When the owner’s away, the pets do play.
Castle Sitters, Inc. wants to see to their
Cheryl Feder, co-owner of Castle Sitters, inc., talks to Buddy the cat,
a daily client of the Reeders pet & house sitting business.
Janey, 6, has seizures. Sophie, 5, wants a lot of attention. Buddy, 10, has an immune deficiency condition. Sparky, 5, needed a place to go.
These family members keep Carol Stockdale of East Stroudsburg busy. But as a consultant to a jewelry store and owner of an embroidery business, Stockdale worries about leaving her little ones alone. Her husband, Jim, is often away because of his engineering job.
Janey and Sophie are long-haired dachshunds, and Buddy and Sparky are cats.
“I’m very animal-friendly,” Stockdale said. “I believe they have personality and feelings.” So last July, Stockdale hooked up with Castle Sitters, a pet-sitting and house-sitting service. She wanted someone to check on her pets, feed them, dispense medication and leave her house secure.
“It would have broken my heart to break their routine,” Stockdale said.
Besides, a change in routine might mean stressed pets and a destroyed home. But that doesn’t happen in the Stockdale household.
Stockdale said having a pet sitter allows her the freedom to work or travel with the peace of mind that the pets are safe and happy.
Stockdale said, “I would be very torn if these guys weren’t taking care of them.”
TRAPPED AT HOME
Last summer, Cheryl Feder realized that she could never go away for a vacation. What would she do with her two cats?
Cheryl Feder and her husband, Mark, talked it over with their business associates, Bryan and Diane MacFarlane. The two couples own the Community Express Newspaper, a monthly news journal.
The MacFarlanes had two dogs and often couldn’t manage to get away, either.
“We couldn’t ever go away. If it was a problem for us, it probably is for others,” said Cheryl Feder.
After doing some research and confirming what they suspected, the business associates opened Castle Sitters last July.
“We thought we’d be doing more house sitting, but pet lovers have really responded in the Poconos,” Bryan MacFarlane said.
The business has about 40 steady clients with other periodic customers. Customers are commuters, tourists, senior citizens and full-time residents. The majority are full-time residents.
They care for dogs, cats, birds, reptiles and fish. They also can fill bird feeders, water indoor/outdoor plants and lawn, mow the lawn and do snow removal for additional fees.
“People ask us if we’re bonded and insured. It’s a real trust issue,” MacFarlane said. “We take care of pets who are like members of the family. They’re giving us a key and a security system code.”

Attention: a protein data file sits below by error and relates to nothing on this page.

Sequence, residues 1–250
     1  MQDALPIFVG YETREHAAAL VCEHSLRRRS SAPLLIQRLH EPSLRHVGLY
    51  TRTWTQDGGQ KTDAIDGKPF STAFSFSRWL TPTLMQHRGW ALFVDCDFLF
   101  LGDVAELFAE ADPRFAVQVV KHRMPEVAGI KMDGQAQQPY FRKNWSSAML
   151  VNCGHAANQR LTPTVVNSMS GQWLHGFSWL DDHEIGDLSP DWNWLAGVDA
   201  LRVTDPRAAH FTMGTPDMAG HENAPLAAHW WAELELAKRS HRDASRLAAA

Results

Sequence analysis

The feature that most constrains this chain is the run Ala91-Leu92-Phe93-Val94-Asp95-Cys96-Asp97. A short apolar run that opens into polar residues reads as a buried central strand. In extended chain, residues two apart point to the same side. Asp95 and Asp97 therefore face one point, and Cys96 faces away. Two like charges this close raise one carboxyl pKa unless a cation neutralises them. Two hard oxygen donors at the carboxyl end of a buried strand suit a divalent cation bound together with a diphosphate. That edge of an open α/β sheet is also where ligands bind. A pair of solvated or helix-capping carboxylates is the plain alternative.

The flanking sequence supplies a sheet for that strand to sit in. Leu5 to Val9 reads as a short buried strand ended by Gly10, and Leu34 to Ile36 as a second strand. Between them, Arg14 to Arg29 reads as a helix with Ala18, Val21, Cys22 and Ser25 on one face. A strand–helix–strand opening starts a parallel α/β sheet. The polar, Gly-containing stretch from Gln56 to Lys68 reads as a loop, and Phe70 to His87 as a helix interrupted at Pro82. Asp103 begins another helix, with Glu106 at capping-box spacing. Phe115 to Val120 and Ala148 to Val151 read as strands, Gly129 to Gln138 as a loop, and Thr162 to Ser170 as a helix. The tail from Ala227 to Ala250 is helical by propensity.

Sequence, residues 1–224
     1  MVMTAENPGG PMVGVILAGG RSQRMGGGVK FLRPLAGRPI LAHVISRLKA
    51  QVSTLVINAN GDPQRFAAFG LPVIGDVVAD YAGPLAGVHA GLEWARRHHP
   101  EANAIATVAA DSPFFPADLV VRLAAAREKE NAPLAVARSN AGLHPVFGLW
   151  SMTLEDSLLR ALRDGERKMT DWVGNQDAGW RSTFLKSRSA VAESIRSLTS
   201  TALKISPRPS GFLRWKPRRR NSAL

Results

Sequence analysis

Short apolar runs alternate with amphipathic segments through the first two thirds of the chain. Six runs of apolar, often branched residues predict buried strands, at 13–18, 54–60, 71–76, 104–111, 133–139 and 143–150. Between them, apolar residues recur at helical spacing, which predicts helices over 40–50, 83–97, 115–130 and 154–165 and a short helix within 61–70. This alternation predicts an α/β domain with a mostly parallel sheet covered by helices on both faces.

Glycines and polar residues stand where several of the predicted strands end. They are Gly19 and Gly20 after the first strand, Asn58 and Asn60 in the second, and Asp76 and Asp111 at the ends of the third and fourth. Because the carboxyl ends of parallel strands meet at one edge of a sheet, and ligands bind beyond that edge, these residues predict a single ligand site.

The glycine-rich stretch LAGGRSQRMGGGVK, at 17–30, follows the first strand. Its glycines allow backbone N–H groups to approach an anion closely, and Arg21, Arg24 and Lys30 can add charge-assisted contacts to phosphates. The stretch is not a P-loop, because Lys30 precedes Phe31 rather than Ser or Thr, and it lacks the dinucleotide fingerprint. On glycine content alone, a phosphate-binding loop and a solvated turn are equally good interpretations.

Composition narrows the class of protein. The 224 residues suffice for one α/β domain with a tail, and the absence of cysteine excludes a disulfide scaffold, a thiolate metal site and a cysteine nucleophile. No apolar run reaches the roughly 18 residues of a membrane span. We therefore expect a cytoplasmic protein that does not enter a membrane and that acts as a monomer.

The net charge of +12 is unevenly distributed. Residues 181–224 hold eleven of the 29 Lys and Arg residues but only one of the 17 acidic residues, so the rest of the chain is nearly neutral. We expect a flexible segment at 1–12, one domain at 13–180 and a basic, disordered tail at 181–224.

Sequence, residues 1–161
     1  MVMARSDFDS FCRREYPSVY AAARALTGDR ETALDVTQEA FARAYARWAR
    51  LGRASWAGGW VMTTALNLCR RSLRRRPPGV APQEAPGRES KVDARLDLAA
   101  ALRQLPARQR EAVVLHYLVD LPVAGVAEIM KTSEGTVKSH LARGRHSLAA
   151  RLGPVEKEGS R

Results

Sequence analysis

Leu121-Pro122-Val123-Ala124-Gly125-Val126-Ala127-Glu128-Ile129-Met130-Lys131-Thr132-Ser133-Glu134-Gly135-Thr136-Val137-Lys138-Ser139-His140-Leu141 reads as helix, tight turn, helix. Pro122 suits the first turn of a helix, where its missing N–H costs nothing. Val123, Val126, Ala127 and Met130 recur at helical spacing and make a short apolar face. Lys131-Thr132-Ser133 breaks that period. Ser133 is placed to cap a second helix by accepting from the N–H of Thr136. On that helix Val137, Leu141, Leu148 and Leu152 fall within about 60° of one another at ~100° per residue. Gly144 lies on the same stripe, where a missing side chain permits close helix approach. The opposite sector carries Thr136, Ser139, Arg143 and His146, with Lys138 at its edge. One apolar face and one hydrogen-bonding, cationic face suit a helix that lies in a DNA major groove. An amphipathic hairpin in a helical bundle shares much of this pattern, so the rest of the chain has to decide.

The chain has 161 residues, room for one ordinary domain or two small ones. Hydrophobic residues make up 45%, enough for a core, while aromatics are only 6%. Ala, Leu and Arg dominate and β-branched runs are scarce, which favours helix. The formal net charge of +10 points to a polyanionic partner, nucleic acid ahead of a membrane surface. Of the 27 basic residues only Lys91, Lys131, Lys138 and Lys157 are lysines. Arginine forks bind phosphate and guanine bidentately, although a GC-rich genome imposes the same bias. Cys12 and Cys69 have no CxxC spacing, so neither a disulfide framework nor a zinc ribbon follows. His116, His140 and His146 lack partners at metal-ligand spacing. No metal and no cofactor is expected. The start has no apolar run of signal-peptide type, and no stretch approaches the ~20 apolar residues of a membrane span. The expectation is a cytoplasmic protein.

The business is bonded and insured. And, keys have only the pets’ names on them. This ensures that if the Castle Sitters’ owners’ homes are broken into, no one will have access to their clients’ homes.
Plus, people don’t have to take their pets out of their own environment.
“Most people are working all the time and (have) very little leisure time. They want to be able to take that weekend or week and know that their pet is not stressed in a kennel,” Cheryl Feder said.
That means making sure that there are ice cubes in one dog’s water dish, serving bottled water to a cat, cooking steak a certain way for a dog and opening the blinds to a certain position for a parrot, who also likes country music.
Cheryl Feder said, “They love their animals and want us to love them.”
A PET’S CASTLE
The sitter who first meets the pet is the one who will take care of the pet.
“Our goal is to keep the animal feeling happy and safe in its own environment,” Cheryl Feder said.
The preliminary visit includes filling out an information sheet, which includes the pet’s name, age, emergency phone numbers, pet’s habits, play activities, food instructions and more.
“We treat them better than people,” Bryan MacFarlane quipped.
The basic pet sitting service includes: cleaning the pet living area; cleaning and refilling food and water containers; letting the pet out for exercise and fresh air, if requested; taking the pet out for a walk, if requested; and playing with the pet.
After a visit, the pet owner receives a report card about the visit. It is also a place for notes to the pet owner about supplies or other details. They have also faxed these reports to vacation destinations and offices.
In conversation with these business people, animals were often referred to as “children,” as a result of recognizing their place in many households.
One client, a terrier named Max has his owner’s last name. Mark Feder and Max have developed an affinity for one another.
“I walk and feed him. Give him treats. We play; we talk. With Max, I don’t even put him on a leash. He is very smart and personable and we have a great relationship,” Mark Feder said. All animals are put on a leash for a walk, but Max’s owner recommended a walk without one.
The job does have its own set of hazards. After all, many dogs are territorial and act as guard dogs.
“A pet can have an attitude. They can be moody. They could have had a bad day,” Mark Feder said.
That’s why developing a relationship and having the same sitter is critical.
Mark Feder regularly visits a 130-pound black Labrador retriever. “He has the largest head I’ve ever seen on a creature with four legs,” said Mark Feder.
Once he gets in the home, he often finds it difficult to get out because the dog won’t let him go. He had to discover a trick to get out of the house: give the dog a bone with one hand while the other hand releases the leash and opens the door.
The sitter also must be alert at all times. Plus, they try to match the sitter to the animal. If the dog was abused by a man, they send a female sitter. If the cat only likes men, a male is the sitter.
“These pets are there to protect their home,” MacFarlane said. “We are respectful of their position in the home.”
– – Article written by Helen George / Pocono Record Lifestyle Writer